Scholar

Anticipatory Loss for Aging Parents

By: Connie Kartoz   Munira Wells   Paige Hammell  

Anticipation of the eventual loss of aging, yet healthy parents consists of feelings of gratitude, sadness, and worry. This type of loss is distinct from the anticipatory grief experienced when the death of a parent is approaching. The purpose of this study is to explore the conceptual definition of parent anticipatory loss, its measurement, and correlates with sociodemographic characteristics such as race and ethnicity. The Parent Anticipatory Loss Scale (PALS) contains items such as “I feel lucky that my parents are as healthy as they are”, rated on an 8- point Likert scale. Expert content validity was established with a six-member panel. After IRB approval, a sample (N= 315) of non-caregiving, mostly Caucasian (n = 182, 57.6%) men (n=202, 63.9%), average age of 36.4 (SD 10.2), was obtained through the crowdsourcing platform, Mechanical Turk. Items with an inter-item correlation < 0.3 and > 0.8 were eliminated resulting in a 19 item scale (α = 0.93). Anticipatory loss for the aging parent had small correlations with time spent with parent (r =0.27; p < .001), and emotional and functional supports provided (r = 0.22, p < .001) and received (r = 0.2, p < .001). Inter-item correlations, group difference testing multiple regression were all non-significant for age, income, education level and racial identity, suggesting that anticipatory loss may transcend national identities. Future research is recommended to replicate these findings and explore relationships between anticipatory loss and health outcomes such as caregiving preparedness, health disparities, and quality of life in aging families.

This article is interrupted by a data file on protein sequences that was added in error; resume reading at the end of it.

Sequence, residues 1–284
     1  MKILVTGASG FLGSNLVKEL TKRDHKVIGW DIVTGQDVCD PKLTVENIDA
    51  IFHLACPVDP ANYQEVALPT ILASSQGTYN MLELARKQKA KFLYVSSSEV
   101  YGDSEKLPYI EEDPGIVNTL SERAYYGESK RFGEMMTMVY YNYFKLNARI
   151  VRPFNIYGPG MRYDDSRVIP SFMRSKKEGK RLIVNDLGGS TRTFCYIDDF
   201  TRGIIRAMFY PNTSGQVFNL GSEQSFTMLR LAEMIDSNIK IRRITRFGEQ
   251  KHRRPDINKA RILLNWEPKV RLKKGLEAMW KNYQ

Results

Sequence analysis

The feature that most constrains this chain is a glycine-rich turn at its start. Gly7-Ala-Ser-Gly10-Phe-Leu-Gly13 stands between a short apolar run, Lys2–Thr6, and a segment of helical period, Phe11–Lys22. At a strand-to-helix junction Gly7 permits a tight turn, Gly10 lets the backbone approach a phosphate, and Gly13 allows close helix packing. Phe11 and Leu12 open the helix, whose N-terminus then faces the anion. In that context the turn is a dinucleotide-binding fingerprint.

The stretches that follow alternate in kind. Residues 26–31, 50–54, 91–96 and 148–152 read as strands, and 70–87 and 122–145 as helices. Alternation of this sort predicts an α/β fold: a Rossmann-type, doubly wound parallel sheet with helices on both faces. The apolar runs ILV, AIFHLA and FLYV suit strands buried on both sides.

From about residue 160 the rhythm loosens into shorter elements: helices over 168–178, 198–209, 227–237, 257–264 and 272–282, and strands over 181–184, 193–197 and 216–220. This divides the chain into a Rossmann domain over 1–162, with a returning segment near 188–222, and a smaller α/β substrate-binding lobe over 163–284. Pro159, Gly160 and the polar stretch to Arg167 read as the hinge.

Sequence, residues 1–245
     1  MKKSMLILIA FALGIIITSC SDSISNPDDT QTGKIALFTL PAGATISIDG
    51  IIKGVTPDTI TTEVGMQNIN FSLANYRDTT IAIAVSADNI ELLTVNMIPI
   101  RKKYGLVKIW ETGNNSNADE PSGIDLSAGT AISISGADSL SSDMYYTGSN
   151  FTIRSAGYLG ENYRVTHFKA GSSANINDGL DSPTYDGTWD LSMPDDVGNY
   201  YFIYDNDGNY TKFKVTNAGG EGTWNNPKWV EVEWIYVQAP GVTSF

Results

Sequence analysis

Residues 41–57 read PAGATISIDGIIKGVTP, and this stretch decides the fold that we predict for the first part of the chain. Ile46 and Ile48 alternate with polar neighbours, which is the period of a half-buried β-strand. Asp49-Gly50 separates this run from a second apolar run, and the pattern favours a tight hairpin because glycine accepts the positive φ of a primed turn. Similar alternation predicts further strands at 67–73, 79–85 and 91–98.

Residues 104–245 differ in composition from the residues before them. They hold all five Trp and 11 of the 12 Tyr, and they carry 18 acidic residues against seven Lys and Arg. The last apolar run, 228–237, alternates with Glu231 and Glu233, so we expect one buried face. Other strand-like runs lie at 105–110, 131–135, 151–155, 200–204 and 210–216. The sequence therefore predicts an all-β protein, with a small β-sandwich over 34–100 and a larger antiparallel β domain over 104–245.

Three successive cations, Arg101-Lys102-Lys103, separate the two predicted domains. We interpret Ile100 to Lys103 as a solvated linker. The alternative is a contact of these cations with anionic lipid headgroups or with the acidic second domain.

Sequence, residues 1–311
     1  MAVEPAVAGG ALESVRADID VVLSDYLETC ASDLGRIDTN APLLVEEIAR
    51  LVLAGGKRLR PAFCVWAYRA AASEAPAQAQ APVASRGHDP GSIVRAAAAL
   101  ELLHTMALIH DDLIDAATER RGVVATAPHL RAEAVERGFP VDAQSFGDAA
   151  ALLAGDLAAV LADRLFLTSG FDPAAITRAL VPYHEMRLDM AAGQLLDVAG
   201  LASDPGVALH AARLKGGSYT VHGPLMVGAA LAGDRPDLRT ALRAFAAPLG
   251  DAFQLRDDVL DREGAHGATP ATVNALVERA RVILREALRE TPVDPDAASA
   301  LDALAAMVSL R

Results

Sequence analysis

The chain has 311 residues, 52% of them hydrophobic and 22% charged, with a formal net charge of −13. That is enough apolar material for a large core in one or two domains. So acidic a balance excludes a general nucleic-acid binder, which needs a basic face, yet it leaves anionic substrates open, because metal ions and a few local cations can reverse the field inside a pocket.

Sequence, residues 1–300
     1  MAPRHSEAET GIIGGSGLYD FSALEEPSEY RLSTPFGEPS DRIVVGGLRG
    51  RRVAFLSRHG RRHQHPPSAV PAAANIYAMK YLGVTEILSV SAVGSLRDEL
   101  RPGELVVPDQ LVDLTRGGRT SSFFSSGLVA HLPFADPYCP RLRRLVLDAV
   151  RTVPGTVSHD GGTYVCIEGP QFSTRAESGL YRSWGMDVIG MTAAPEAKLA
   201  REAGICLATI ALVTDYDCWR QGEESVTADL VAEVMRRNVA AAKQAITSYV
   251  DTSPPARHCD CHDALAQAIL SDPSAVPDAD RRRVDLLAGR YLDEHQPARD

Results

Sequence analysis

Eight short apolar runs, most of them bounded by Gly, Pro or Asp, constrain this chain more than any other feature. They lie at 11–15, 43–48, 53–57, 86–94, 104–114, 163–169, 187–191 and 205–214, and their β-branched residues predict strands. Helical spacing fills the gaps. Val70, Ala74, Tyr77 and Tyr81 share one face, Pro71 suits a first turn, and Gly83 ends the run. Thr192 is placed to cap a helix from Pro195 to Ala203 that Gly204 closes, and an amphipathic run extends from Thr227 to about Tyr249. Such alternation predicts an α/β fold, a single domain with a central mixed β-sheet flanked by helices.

Loss
Social and Cultural Perspectives on Aging
Paper Presentation in a Themed Session



Dr. Connie Kartoz

Assistant Professor, Nursing, The College of New Jersey


Connie Kartoz is a family researcher and a former Robert Wood Johnson Foundation Scholar. Her research focuses on family experiences in various life stages and its connection to health outcomes such as medication adherence. She teaches at The College of New Jersey in the graduate and undergraduate program and is currently the graduate coordinator. She works with older adults and their families regularly as a Rheumatology Nurse Practitioner.


Dr. Munira Wells

Seton Hall University


Munira Wells is a transcultural nurse researcher and former Robert Wood Johnson Foundation Scholar. She is the assistant chairperson of the Adult nursing courses in the Undergraduate department of Seton Hall University. She works with diverse patient and student populations and specializes in adult health.


Paige Hammell

The College of New Jersey